There are usually four parathyroid glands that sit behind the thyroid in the neck. These glands regulate the levels of calcium in the body. When the parathyroid glands produce too much hormone, it can lead to problems such as kidney stones, osteoporosis, mood changes, bone pain, and abdominal discomfort. Elevated parathyroid hormone is called hyperparathyroidism and can be caused by:
- Primary hyperparathyroidism – a benign tumor of the parathyroid gland may be producing too much parathyroid hormone.
- Secondary Hyperparathyroidism – a condition such as kidney failure can result in elevated parathyroid hormone levels in the blood.
- Tertiary hyperparathyroidism – after correcting kidney failure, the parathyroid glands can continue to produce too much hormone.
- Parathyroid cancer – in rare situations, cancer can form within the parathyroid glands.
Your doctor will ask for a complete medical history and will perform a thorough physical examination. Different diagnostic studies may be ordered, including imaging studies, lab tests and detailed physical examinations. These may include:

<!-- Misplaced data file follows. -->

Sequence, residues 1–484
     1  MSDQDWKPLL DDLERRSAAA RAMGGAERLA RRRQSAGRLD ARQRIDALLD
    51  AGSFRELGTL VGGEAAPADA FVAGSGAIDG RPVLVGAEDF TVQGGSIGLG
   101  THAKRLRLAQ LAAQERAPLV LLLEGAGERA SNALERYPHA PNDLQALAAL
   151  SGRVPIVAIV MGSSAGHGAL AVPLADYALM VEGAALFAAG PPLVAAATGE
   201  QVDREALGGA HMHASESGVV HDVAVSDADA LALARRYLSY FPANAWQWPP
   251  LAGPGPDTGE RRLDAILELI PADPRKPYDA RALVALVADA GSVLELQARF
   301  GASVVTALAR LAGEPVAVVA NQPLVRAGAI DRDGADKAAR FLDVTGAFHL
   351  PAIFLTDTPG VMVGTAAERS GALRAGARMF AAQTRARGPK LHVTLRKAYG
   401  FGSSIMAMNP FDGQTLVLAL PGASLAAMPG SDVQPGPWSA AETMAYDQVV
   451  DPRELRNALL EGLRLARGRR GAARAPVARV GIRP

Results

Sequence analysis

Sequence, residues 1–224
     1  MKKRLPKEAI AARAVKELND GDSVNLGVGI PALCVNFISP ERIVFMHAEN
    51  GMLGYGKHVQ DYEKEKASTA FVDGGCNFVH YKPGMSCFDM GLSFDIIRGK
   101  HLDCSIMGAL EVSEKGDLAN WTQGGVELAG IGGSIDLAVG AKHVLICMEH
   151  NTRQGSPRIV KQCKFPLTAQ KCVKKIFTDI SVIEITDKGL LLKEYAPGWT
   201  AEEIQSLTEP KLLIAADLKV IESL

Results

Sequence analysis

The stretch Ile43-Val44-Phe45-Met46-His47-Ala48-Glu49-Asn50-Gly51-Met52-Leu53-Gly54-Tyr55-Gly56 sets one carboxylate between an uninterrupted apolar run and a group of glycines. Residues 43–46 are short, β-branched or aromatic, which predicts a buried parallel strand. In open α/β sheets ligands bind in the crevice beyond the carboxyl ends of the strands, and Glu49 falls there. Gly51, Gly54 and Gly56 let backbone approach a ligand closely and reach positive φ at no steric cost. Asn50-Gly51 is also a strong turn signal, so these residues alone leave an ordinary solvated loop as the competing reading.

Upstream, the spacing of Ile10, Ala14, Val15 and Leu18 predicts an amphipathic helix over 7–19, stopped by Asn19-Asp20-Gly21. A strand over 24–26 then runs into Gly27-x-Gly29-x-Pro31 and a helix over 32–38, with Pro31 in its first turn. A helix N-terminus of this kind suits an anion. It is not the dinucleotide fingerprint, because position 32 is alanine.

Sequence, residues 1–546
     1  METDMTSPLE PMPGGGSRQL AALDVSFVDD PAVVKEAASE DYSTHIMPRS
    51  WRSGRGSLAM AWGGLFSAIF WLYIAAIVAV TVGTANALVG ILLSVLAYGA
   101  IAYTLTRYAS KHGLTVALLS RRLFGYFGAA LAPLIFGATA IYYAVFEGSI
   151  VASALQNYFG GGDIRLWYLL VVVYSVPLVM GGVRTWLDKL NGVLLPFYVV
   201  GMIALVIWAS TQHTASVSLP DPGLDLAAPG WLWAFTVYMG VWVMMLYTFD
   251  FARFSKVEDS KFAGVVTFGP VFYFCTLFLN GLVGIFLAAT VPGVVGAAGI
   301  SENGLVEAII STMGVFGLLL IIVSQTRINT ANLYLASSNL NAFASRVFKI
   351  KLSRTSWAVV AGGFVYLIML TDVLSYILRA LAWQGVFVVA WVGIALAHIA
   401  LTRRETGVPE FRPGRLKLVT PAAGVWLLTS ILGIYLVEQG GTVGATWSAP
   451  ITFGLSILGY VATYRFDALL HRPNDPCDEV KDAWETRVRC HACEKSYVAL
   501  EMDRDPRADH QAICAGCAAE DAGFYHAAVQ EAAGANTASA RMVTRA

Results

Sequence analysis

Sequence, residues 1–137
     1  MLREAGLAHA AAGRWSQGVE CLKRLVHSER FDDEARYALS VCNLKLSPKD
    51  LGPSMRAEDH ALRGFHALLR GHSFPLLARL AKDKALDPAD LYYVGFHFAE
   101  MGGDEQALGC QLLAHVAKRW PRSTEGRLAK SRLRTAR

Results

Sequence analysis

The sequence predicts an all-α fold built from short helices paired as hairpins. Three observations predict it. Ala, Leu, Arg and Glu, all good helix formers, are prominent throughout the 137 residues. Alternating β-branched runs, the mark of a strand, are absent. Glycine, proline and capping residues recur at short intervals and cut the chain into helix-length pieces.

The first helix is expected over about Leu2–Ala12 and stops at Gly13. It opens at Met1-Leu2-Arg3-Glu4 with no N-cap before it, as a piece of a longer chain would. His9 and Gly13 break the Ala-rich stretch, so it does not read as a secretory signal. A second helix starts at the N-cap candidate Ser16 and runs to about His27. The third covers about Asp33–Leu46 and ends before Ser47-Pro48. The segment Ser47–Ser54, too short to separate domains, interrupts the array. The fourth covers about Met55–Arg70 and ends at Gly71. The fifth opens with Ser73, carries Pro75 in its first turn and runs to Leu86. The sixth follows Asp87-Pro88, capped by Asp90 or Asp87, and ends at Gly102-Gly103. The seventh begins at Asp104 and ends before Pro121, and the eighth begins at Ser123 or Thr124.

- Blood tests . Your doctor may test for abnormal levels parathyroid hormone and calcium in your blood.
- Ultrasonography. Ultrasound uses sound waves that bounce off the body. The computer then interprets those images to create a picture. From the picture, your doctor can see if there is a mass in the neck that looks like an enlarged parathyroid gland.
- Sestamibi scan. A study where you have a dye injected into the blood stream that is taken up by the overactive parathyroid gland. Images help to visualize the gland right after the dye is injected, and additional images are taken after a few hours.
- SPECT. Images after a dye is injected can be fused with a CT scan in order to help localize the abnormal glands.
- 4D CT. A special CT scan can assist with localizing the abnormal glands.
Hyperparathyroidism is usually treated by surgical excision of the overactive parathyroid glands.